A Republican Guy?
Guy Phillips first ran for the Scottsdale City Council in 2010. That was the year of the Tea Party. With little money Phillips, a rock-ribbed Republican, rode the wave to a surprisingly strong finish, albeit unsuccessful.
But he didn’t give up. Two years later he won. Now, Scottsdale City Councilman Guy Phillips is up for re-election.
During his first term has played an undeniable role restricting spending via opposition to city bond proposals, a position that surely resonates with activist Republican Partiers. But two positions he’s adopted of late must leave even ardent supporters scratching their heads.
The long-discussed “Desert Discovery Center” has been a political hot potato with influential tourism leaders arguing its necessity while most voters in Scottsdale disagree with either putting such an enterprise within the preserve, or spending more taxpayer dollars on it when so much has been spent up north already.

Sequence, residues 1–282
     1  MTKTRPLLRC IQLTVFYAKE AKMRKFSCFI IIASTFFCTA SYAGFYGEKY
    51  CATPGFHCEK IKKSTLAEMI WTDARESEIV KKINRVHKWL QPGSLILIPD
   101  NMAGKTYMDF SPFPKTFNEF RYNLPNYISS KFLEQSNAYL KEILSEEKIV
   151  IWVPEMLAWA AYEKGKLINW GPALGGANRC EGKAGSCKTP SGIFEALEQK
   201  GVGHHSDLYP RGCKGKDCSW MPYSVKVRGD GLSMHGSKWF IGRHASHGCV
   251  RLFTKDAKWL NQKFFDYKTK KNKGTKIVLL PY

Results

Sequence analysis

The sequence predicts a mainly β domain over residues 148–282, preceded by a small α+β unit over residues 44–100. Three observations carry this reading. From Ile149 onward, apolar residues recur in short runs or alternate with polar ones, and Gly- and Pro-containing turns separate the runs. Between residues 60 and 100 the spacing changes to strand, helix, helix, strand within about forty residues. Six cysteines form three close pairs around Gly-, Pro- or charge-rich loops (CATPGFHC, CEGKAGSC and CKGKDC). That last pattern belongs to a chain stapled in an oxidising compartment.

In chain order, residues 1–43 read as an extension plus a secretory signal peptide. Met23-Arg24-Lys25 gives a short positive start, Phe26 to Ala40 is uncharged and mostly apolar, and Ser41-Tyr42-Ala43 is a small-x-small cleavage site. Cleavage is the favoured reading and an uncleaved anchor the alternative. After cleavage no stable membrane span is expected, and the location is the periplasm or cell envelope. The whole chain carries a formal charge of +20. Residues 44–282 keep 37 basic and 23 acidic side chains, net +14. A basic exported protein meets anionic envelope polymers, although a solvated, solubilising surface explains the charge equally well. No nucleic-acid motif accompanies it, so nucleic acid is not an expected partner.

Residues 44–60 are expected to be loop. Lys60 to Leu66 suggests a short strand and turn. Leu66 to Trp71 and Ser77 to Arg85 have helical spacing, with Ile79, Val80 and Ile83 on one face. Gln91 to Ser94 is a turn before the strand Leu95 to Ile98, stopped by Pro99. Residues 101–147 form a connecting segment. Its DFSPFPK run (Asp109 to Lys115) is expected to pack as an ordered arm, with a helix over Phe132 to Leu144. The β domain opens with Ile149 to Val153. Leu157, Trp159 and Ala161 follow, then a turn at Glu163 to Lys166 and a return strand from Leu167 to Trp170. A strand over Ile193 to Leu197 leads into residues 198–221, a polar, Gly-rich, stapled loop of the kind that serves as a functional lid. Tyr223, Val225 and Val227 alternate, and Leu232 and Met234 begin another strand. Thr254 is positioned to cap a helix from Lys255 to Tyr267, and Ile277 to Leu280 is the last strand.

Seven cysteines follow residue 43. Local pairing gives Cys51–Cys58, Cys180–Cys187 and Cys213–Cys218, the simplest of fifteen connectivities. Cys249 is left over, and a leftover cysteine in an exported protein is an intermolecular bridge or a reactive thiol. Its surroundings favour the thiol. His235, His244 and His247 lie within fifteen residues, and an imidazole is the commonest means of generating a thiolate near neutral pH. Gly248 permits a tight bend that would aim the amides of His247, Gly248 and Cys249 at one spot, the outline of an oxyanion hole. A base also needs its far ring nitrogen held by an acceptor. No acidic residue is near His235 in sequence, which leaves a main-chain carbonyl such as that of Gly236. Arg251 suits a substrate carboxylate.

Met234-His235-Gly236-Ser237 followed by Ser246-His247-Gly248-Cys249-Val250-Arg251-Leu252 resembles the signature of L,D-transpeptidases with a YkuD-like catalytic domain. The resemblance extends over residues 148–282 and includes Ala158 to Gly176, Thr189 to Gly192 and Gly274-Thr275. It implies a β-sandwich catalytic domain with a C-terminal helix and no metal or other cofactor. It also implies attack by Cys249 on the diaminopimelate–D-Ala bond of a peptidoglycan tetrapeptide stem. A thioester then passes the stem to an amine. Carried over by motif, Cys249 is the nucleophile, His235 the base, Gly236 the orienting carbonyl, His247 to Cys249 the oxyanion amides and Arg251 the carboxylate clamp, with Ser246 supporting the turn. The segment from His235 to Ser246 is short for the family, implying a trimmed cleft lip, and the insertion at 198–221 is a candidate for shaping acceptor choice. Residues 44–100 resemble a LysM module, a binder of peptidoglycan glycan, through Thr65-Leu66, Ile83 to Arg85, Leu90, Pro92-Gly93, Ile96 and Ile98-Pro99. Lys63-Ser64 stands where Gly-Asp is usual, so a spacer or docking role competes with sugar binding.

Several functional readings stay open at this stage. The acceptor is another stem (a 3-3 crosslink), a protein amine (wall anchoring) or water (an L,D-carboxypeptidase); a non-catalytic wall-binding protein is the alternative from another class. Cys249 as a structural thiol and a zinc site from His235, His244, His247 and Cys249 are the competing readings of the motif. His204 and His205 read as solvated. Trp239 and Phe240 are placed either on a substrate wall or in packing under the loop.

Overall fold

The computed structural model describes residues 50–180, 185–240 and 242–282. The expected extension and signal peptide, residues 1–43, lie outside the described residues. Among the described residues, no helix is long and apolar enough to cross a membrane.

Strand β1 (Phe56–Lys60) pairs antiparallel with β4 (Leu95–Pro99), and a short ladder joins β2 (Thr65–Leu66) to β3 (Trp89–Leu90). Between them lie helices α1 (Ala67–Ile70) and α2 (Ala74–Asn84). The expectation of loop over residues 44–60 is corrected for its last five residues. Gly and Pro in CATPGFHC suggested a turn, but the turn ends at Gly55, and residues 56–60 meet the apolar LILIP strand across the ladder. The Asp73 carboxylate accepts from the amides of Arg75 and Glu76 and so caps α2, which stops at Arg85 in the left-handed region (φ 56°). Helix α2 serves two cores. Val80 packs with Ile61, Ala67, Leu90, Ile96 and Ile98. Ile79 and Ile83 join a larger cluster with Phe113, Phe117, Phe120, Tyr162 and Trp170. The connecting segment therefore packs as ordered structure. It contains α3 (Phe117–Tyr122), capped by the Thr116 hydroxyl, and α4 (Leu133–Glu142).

That’s what made Phillips’ flip-flop on the project last month terribly curious. While not the final decision Phillips voted with the majority to authorize millions for more design and study. Some in his political constituency likely view that as apostasy. But it likely pales in comparison to an issue that is near sacrosanct to Republican primary voters: charter schools.
Phillips has been one of the leads trying to stop Arizona and the country’s top charter school, BASIS, from building a new campus at 128th Street & Shea. The expanded school would enable many Scottsdale families to move from waiting lists to best in class. Yet, Phillips questions the school’s “profit motives,” notwithstanding it is a non-profit, public school. And he appears wholly ignorant of state law allowing such a school proposal to proceed. For an avowed constitutionalist like Phillips one would think respect for state law, even ones he may disagree with, would be part of his political mooring.
A Phillips strength is that he is often a contrarian on the Scottsdale City Council. Democracy doesn’t always demand homogeneity. But it’s noteworthy when Phillips’ contrarianism starts to run contrary to that which he most often espouses, and to those who propelled him to office in the first place.